As half term starts houses up and down the land are filled with desperate parents wondering how to occupy their brood as the days get shorter and the weather colder. If you want to avoid hours of computer games and TV, here are a few suggestions for half term activities.
Even if the thought of glue and coloured paper brings you out in a rash this is a great opportunity to let the kids get messy with a craft session at home. And with Halloween round the corner you have the perfect theme for the kids. From witches’ hats to cut out bones, you can put together a home-made costume for the kids to wear on the 31st October when they are trick or treating. Or decorate your home with bat mobiles (you just need some black paper and old wire coat hangers or sticks for the frame), ghosts (white paper is fine for inside or bin bags offer a waterproof outdoor version) and scary spiders (paint egg box sections black and use black pipe cleaners for the legs).
Staying on the indoor but messy theme, what about getting the kids interested in baking? No matter what the age, as long as your patience holds out, children love baking cakes and sweet things. Even the smallest toddler can help with something as simple as chocolate krispie cakes and from there you can move on to fairy cakes, fruit loaves and sponges. But don’t get hooked on the idea that it’s only sweet things they’ll be interested in. Pizzas are brilliant for all ages – from the dough making to the toppings. Put out a selection of toppings (olives, salami, sweetcorn, peppers etc) and let them ‘build’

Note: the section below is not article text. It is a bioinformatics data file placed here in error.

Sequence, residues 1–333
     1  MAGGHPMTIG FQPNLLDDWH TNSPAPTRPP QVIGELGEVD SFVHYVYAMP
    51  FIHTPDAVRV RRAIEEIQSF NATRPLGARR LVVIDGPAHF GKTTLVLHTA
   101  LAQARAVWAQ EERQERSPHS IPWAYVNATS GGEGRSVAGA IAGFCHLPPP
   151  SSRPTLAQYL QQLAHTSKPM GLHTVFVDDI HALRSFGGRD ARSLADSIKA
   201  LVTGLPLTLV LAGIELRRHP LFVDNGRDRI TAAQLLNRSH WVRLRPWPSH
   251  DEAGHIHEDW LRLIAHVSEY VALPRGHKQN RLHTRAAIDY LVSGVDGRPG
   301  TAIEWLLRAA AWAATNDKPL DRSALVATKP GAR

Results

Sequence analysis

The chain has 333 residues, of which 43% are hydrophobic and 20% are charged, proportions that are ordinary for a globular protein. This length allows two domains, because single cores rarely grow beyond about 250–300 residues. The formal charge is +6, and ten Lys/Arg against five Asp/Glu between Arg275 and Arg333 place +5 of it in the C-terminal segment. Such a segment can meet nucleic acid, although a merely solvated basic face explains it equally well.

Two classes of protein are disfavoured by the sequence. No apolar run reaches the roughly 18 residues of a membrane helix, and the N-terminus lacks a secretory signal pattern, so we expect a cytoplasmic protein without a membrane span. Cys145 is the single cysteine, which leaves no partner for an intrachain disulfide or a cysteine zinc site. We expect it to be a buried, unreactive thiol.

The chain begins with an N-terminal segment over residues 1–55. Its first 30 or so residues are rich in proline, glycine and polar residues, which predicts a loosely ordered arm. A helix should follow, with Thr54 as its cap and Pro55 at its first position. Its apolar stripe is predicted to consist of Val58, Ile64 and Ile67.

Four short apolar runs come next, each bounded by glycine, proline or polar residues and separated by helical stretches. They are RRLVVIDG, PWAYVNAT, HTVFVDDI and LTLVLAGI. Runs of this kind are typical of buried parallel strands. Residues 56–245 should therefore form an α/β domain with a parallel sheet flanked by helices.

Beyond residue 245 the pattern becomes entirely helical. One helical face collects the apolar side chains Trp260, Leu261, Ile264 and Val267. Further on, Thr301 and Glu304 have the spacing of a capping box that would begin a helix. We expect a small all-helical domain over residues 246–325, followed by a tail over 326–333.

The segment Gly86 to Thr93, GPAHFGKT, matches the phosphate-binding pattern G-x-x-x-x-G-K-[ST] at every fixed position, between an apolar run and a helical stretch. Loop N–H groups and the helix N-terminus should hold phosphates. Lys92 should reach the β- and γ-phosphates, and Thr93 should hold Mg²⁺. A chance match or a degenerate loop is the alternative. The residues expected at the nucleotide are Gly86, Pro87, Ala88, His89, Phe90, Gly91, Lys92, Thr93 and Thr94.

their own. It’s amazing how much more healthy stuff they put on when they are offered a selection like this. There are lots more great ideas here.
[Relevant: A delicious fish pie recipe for busy mums]
Galleries and museums
Depending on where in the country you live your access to good galleries and museums might vary. Anyone in the South East has the pick of the bunch in London and with the added bonus that many are still free entry. Or look at the Art Fund passes for reduced price entry at venues across the country. http://www.artfund.org
Many museums and galleries put on special children’s focused activities in the holidays so look locally for details. But even relatively ‘dry’ art galleries can come alive for kids with a bit of effort. Perhaps visit the gift shop first and buy some postcards of paintings then challenge your children to ‘find’ specific paintings.
Once you find them you can talk about what they can see. Or take some pens and paper and let them pick their favourite and then sit and draw it. Worry less about getting to see everything and instead just concentrate on a few rooms or paintings that most capture their imagination.
If you haven’t visited a youth hostel for years, this half term might be just the time to start. Forget the daily chores of old, these days youth hostels have family rooms, duvets and restaurants. From cities and towns to remote rural spots, youth hostels can provide a relatively cheap way of getting a night or two away. With communal kitchens, eating areas and invariably games rooms, there’s a high chance your children will soon find some friends to play with, making your stay remarkably stress free. http://www.yha.org.uk/